Crossing over into my seventy-fifth year I have finally come to see how lucky a life I’ve lived. For one thing, I made it to seventy-four and I am still, knock on wood, going strong. It would have been impossible to persuade me of this during the existentially problematic first half or so of my life, after which I had become inured to angst.
Now as I watch new-born become infants, infants children, children tweens and then dreaded teens, I am saddened by their dystopian fate. Even before they are fully done with diapers they are dispatched to daycare and pre-school, from there to pass seamlessly into kindergarten and then on to the steady drip-drip of indoctrination which awaits, at least another sixteen years if they stay the course. The worst loss is of the early seasons of play — solitary play, let me insist.
Pre-school does indeed serve as a site for play, but always with other children. The effects can be seen immediately. Take a little girl who has been raised until three without gender stereotypes, things as simple as pink for girls and blue for boys. Within weeks at pre-school she’ll be asking for things pink. Come Halloween, a ballerina’s frou-frou. Not too long after comes corporeal dysphoria. I wish I were taller. I wish I had straight (or curly) hair. Group thought is often group abuse, abuse of others who are different. When children play together they prey together, on one another.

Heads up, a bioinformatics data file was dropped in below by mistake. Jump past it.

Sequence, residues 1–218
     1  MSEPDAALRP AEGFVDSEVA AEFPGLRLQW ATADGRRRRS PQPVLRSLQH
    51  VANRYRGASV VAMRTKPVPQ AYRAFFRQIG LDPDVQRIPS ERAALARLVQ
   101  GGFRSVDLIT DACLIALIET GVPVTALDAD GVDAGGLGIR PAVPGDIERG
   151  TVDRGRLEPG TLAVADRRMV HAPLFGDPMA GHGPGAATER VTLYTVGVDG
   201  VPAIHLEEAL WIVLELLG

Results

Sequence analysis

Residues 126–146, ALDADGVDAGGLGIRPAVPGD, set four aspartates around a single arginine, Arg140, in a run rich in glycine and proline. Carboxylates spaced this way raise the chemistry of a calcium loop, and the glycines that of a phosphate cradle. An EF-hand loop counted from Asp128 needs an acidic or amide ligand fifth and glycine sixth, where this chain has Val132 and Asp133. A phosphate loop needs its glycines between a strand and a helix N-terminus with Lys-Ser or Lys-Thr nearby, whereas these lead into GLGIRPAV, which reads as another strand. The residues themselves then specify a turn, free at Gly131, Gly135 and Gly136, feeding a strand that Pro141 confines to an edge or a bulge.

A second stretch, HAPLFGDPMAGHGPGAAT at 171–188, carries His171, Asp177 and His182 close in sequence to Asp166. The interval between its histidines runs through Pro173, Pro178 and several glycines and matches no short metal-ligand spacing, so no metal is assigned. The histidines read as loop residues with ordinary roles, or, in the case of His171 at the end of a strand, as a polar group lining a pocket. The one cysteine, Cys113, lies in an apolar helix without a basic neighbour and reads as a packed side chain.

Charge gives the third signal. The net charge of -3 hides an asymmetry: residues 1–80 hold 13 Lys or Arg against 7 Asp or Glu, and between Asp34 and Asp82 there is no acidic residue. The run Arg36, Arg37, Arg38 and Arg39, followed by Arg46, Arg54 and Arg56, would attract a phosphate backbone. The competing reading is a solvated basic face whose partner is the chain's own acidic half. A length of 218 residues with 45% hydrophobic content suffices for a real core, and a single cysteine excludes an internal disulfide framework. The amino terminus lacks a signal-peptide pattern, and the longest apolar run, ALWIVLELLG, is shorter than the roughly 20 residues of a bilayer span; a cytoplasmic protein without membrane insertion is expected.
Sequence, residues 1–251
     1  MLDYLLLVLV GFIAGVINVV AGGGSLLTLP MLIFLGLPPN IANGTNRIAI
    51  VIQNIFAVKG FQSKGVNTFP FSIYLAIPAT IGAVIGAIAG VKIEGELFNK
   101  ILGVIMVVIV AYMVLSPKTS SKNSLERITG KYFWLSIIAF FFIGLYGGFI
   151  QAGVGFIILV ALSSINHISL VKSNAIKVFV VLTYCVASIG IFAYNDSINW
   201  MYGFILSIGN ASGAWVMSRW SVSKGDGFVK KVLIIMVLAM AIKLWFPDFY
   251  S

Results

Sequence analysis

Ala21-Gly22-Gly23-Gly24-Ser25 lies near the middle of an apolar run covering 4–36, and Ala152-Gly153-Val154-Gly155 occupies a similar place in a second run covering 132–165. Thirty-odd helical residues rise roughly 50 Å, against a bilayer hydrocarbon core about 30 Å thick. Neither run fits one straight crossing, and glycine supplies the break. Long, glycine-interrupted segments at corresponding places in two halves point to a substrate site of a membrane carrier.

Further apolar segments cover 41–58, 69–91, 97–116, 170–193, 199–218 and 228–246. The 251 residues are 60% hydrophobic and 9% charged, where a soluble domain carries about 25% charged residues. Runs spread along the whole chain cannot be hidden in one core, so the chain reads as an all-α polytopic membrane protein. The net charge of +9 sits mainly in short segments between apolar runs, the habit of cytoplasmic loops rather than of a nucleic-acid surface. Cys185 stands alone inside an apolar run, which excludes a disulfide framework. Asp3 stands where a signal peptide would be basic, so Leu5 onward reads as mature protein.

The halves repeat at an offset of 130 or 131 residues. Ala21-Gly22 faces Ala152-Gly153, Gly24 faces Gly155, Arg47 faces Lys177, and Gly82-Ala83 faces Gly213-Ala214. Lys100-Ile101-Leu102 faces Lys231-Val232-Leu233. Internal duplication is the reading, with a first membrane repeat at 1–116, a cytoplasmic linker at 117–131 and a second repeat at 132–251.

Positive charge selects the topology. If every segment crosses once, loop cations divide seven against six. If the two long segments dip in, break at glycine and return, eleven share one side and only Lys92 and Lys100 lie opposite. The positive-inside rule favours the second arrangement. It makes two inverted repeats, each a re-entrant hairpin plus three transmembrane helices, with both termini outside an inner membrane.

I can offer no solution to the parents of today. The conditions which created my little Eden, on the surface far from idyllic, no longer exist.
It was the first years after WW2. Dad was always scrambling for work. We moved several times before I was seven, when we finally settled into the lower-middle class East End of Houston.
We had had a rental home here, another there, a garage apartment belonging to Granny, another rental down the street, and so on. To be sure, I had siblings, real ones. Marc was born when I was two and a half, Nancy, four plus some months, Steve just before I turned six. Shortly afterwards I entered first grade and began with the buffer of a few years of solitude my own ordeal of socialization via peer torture. But during those few years of relative secusion I was forced to learn to think on my own.
In addition I then had the windfall luck of skipping kindergarten because of complex health problems I won’t go into here. By the time I got to first grade, I had set the compass of own course in solitary interaction with creatures of my own imagining. Not fake friends. Imaginary playmates with whom I shared a paracosm, which is what friendship is about.
To be continued….